Section 316.640(5)(a) permits employees of a sheriff's department or police department of a municipality, without conveying arrest powers, to become TIEOs empowered to issue traffic citations under section 316.0083. However, the statute does not authorize a private vendor to issue citations, either expressly or impliedly. Although the legislature in section 316.0083(1)(a) did permit cities to delegate the review of information obtained from a traffic infraction detector, it did not permit cities to delegate their authority to issue any resulting traffic citations anywhere in these statutes. Had the legislature intended to allow for delegation of this authority or responsibility, just as it expressly allowed for delegating the review of traffic infraction detector information by employees or agents under section 316.0083(1)(a), it could have easily done so. Under the clear wording of the statute as enacted, it did not.

The trial court made various findings of fact about the process in concluding that the City unlawfully outsourced its statutory responsibilities to a private third-party vendor. The court found that according to the City's standard protocol and in accord with the terms of its contract, ATS first reviews the video-captured images, yet ATS does not furnish them all to the City—only those it deems to be suggestive of a violation. Exhibit D to the contract between the City and ATS, entitled “Infraction Processing,” contains the following paragraph:

3. The Vendor [ATS] shall make the initial determination that the image meets the requirements of the Ordinance and this Agreement, and is otherwise sufficient to enable the City to meet its burden of Demonstrat[ing] a violation of the Ordinance. If the Vendor determines that the standards are not met, the image shall not be processed any further.

(Emphasis added). Therefore, the contract requires ATS to send images and information regarding the violation to the TIEO only if ATS determines in its sole discretion that certain standards have been met, and ATS may withhold sending information if it determines that those standards were not met.2 Only in the event that ATS determines that a violation has taken place is that information sent to the City. After the information is received by the City, the information is then given to the TIEO who clicks the “Accept” button on a computer that authorizes the Arizona vendor to initiate and complete the process.

For all practical purposes, it is the vendor that decides which cases the TIEO gets to review; it is the vendor who initially determines who is subject to prosecution for a red light violation; it is the vendor that obtains the information necessary for the completion of the citation; it is the vendor that creates the actual citation; it is the vendor that issues the citation to the registered owner of the vehicle; and, it is the vendor that eventually transmits the traffic citation data to the court. As the trial court found, the TIEO, merely acquiesces in the vendor's decision to issue the citation. The TIEO never sees the actual citation, nor does the TIEO personally sign the citation before it is issued by the vendor to the alleged violator. Although the City may have some input into who eventually is prosecuted, that decision is wholly dependent upon the vendor's initial determination. Under these circumstances, it cannot be said that this is the legal equivalent of a TIEO issuing the citation, especially when it is the third-party vendor that controls what information is, or is not, made available for the officer's consideration.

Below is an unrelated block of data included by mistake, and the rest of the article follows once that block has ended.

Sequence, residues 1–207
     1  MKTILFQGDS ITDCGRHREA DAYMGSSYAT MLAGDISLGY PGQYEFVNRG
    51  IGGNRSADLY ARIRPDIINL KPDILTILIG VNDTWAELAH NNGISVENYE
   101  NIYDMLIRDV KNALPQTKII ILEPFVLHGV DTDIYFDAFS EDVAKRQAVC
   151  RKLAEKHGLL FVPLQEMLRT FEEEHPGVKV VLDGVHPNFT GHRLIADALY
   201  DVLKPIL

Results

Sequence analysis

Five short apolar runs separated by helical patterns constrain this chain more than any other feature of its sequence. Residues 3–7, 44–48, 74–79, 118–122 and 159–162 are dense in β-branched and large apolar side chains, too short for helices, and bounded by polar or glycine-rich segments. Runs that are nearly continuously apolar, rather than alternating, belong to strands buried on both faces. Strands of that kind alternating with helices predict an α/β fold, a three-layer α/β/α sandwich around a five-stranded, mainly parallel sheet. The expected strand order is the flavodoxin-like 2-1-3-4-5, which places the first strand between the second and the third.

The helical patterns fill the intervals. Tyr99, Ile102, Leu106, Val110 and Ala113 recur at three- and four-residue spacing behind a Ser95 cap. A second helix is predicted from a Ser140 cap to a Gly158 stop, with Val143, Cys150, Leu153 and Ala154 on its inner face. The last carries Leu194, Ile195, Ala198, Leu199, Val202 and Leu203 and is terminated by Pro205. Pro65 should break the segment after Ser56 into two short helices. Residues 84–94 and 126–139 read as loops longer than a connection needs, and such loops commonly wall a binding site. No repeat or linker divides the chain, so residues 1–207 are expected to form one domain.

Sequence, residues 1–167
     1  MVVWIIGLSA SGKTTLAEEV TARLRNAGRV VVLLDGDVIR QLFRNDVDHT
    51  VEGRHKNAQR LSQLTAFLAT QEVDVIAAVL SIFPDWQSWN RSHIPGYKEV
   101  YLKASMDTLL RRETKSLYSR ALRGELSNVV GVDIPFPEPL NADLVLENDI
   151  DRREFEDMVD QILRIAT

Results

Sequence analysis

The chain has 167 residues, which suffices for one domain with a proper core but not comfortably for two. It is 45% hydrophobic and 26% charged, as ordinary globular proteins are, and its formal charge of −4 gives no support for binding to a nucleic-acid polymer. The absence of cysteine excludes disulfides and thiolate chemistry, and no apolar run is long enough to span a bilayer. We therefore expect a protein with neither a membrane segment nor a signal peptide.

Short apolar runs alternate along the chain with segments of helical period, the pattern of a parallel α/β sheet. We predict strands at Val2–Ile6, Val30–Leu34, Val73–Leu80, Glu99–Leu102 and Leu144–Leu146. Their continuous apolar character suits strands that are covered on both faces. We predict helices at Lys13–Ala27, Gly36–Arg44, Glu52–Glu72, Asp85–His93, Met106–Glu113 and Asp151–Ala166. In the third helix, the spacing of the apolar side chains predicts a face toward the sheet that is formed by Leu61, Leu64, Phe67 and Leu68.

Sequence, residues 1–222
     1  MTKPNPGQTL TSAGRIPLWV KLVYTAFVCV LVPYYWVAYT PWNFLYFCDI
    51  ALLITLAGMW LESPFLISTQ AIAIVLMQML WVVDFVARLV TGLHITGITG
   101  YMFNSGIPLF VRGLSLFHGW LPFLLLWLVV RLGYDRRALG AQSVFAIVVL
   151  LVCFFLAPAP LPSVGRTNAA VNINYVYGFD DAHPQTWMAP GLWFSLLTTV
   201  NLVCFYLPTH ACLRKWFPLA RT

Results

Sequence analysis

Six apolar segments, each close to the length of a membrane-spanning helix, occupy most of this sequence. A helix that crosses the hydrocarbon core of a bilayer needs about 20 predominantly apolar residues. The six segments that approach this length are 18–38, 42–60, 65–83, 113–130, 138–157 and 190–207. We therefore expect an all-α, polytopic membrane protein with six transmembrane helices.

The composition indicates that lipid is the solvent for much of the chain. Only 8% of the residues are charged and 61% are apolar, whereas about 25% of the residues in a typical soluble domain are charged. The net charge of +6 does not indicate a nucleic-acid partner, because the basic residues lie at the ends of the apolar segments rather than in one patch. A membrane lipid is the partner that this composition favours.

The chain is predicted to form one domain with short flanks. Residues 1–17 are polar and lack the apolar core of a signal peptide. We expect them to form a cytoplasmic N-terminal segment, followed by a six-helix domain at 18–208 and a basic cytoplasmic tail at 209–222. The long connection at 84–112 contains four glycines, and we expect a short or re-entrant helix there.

In sum, Florida law does not grant the City any authority to delegate to a private third-party vendor the ability to issue uniform traffic citations. Only the City's law enforcement officers and TIEOs have the authority to issue such citations. The City also lacks the lawful authority to outsource to a third-party vendor the ability to make the initial review of the computer images of purported violations and then use its unfettered discretion to decide which images are sent to the TIEO, and which ones are not. The City improperly delegated its police powers when it contractually outsourced its statutory obligations to a for-profit, non-governmental corporation. See Cnty. of Volusia v. City of Deltona, 925 So.2d 340, 345 (Fla. 5th DCA 2006).

The process set forth in the contract between the City and ATS does not comply with Florida Statutes; therefore, the TIEO did not have authority to issue the citation in this case. As a result, the dismissal of the citation is the proper remedy.



1.  In the preamble to chapter 71–135, Laws of Florida, the legislature identified these problems with the municipal court system that chapter 316 was designed to address:1. “the movement of traffic in about 50 percent of the 394 incorporated municipalities of this state is controlled by chapter 186, Florida Statutes, which contains 195 sections,” while “the traffic in the remaining incorporated municipalities ․ is controlled by a hodgepodge of ordinances which vary as to language and penalty”;2. many “parts of our state and city traffic laws are nonuniform and inconsistent”;3. “from the stand point of the public, observance of traffic rules is largely conditioned on the clarity, reasonableness and uniformity of the regulations,” and4. “nonuniform laws and ordinances are a source of inconvenience and hazard to the motorist and pedestrian alike, and contribute to accidents, traffic snarls, and congestion, increase the administrative and enforcement burdens of governmental agencies, and raise serious barriers to interstate and intrastate travel and commerce.”Ch. 71–135, Laws of Fla.

2.  If the vendor unilaterally determines in its own discretion that either a violation did not occur or that the City would not be able to sustain its burden of proof if challenged in court, this information is never transmitted to the City.


TAYLOR and CONNER, JJ., concur.